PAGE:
Lines and Colors art blog

Norwegian symbolist Edvard Munch is another of those artists, like Whistler or even Hokusai, whose oeuvre is condensed to a single image in the minds of most people, in this case his iconic image The Scream.

There are actually several versions of The Scream, including both paintings and prints, more than one of which have been the target of high-profile art thefts (later recovered).

The theme of suffering and mental anguish carried through much of Munch’s work, however.

His formative years were marked by a father who was fanatically religious and obsessed with sorrow and death. His Mother and beloved elder sister died of consumption, now known as tuberculosis, when Munch was five and fourteen, respectively; and one of his younger sisters developed a mental illness at an early age.

Munch himself was a sickly child, often in bed for long periods where he would draw to keep himself amused. In addition to religious subjects, his father schooled Munch and his remaining children in literature, including frequent readings of ghost stories and the work of Edgar Allen Poe.

Munch’s later life was torn by dramatically unhappy love affairs, alcoholism, associates with morbid philosophical influences and restless traveling.

The expressions of anxiety, unhappiness, fear and grief resonated with those who viewed his art, and he became a widely sought out and influential artist, beyond his native Norway and particularly in Germany, where he lived and worked for many years.

He was one of the founders of the Expressionist school, in which color, line and the delineation of recognizable objects are distorted at will for emotional effect; often, as in Munch’s case, centering on anxiety, fear, despair and spiritual angst. As in many expressionist works, the dark emotional tone is often belied by a palette of intense colors.

Not all of his works are as negatively charged or emotionally dark as his signature pieces, many are more straightforward and representational, and in his early years, even impressionistic.

There is a series of galleries on that gives a good overview, arranged by subject. has a list (no thumbnails, but links to images) arranged roughly chronologically.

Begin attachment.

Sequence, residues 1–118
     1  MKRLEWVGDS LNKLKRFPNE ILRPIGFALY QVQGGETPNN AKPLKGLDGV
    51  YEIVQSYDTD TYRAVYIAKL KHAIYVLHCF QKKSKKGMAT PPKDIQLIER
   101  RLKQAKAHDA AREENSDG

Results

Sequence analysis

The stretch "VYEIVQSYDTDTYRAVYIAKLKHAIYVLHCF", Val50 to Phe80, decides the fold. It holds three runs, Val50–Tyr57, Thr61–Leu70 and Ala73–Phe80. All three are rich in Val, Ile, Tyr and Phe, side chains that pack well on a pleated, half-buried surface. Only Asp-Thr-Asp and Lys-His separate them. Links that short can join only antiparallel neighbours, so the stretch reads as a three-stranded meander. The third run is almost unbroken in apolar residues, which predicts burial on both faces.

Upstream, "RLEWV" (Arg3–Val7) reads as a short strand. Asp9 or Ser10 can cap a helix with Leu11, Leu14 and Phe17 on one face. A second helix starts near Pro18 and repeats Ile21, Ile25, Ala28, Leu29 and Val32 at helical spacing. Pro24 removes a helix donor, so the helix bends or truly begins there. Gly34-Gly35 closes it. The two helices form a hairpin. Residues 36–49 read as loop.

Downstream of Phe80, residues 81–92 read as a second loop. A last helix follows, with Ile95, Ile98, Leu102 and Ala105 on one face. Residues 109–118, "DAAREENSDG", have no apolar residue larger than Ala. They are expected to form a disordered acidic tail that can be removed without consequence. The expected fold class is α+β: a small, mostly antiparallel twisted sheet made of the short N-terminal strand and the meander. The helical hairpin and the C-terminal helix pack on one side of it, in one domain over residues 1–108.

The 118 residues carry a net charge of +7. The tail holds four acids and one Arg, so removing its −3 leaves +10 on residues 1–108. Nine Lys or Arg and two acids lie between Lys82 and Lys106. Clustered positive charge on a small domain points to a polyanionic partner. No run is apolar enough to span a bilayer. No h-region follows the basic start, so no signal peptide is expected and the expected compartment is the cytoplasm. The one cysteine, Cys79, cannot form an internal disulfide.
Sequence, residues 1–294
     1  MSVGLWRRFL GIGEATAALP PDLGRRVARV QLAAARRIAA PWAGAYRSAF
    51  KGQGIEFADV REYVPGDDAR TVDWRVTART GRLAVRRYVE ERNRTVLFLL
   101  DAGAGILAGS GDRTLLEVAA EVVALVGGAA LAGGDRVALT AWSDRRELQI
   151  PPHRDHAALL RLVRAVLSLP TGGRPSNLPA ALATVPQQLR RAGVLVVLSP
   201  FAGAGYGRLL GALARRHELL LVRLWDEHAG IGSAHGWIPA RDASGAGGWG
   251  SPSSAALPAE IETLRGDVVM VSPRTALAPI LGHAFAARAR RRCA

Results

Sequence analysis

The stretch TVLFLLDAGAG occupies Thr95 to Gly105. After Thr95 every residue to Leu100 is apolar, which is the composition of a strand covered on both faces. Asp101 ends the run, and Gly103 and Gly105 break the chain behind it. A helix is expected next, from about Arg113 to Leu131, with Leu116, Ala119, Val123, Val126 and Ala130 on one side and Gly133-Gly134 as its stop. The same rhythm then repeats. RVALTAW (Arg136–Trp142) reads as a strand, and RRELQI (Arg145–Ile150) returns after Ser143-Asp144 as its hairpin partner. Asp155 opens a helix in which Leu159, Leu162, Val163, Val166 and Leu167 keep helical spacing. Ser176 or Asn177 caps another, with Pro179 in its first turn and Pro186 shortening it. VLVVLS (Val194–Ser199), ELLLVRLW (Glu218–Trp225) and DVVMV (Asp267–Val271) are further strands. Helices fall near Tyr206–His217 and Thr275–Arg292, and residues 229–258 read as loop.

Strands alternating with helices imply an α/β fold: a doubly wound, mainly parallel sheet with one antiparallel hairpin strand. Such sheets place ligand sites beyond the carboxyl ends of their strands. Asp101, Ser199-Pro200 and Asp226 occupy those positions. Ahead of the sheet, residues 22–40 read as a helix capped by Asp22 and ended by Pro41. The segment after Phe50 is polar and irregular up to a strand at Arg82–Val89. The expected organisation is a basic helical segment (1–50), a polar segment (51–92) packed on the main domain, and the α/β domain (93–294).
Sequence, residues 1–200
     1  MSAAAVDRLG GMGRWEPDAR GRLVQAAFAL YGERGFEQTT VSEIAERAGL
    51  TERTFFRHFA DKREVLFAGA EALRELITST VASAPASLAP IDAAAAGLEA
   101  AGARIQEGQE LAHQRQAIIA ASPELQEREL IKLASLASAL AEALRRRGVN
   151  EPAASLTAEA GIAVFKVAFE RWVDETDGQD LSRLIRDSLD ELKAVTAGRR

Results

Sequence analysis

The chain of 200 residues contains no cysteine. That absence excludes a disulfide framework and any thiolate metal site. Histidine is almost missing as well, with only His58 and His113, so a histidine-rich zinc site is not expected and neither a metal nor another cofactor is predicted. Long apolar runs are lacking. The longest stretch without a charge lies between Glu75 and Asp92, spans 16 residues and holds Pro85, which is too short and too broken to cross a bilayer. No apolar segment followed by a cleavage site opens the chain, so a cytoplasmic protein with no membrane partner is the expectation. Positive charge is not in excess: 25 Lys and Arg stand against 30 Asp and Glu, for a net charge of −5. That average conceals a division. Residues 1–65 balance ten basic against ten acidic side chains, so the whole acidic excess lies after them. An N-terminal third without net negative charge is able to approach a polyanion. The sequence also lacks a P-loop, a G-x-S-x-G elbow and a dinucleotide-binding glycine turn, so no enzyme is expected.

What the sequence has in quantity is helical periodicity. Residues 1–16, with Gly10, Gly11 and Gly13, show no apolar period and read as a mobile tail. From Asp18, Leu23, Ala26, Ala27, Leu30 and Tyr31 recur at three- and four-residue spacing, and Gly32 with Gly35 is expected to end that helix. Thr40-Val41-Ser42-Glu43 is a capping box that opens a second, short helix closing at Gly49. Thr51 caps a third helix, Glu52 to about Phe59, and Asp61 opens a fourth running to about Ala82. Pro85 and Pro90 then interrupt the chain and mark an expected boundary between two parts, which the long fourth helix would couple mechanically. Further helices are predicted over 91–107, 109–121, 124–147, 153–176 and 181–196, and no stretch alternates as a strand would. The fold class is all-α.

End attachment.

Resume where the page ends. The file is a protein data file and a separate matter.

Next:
In addition to his work as a painter, Munch was a printmaker and created etchings, wood engravings and lithographs. There is an exhibition of 40 prints that will be at the National Gallery of Scotland from 19 September to 6 December, 2009. The exhibit is from from the Munch Museum in Oslo, which is dedicated to his prints.

In his paintings, Munch was concerned with the effects of color, and the way one’s perception of a scene could change with time of day or emotional state; saying: “The fact is that at different times you see with different eyes. You see differently in the morning from in the evening. The way in which one sees also depends on one’s mood…”



2 responses to “Edvard Munch”

  1. There is no doubt that Munch would have struck most of us as unusual or even eccentric.

    Declared a “degenerate” by the Nazis when they occupied Norway in 1940, an order was issued for him to leave his house, but it was never carried out. When he died in 1944 authorities found the second floor of his home stacked floor to ceiling with more than 1,000 paintings, 4,400 drawings, and a staggering 16,000 prints, lithographs, woodcuts and etchings.

    It seems that a major component of his hoard consisted of duplicates he created anticipating Nazi destruction of his life’s work. The inventory was left to the city of Oslo and became the core of the Munch Museum.

    1. Fascinating. Thanks for the extra info, Dan!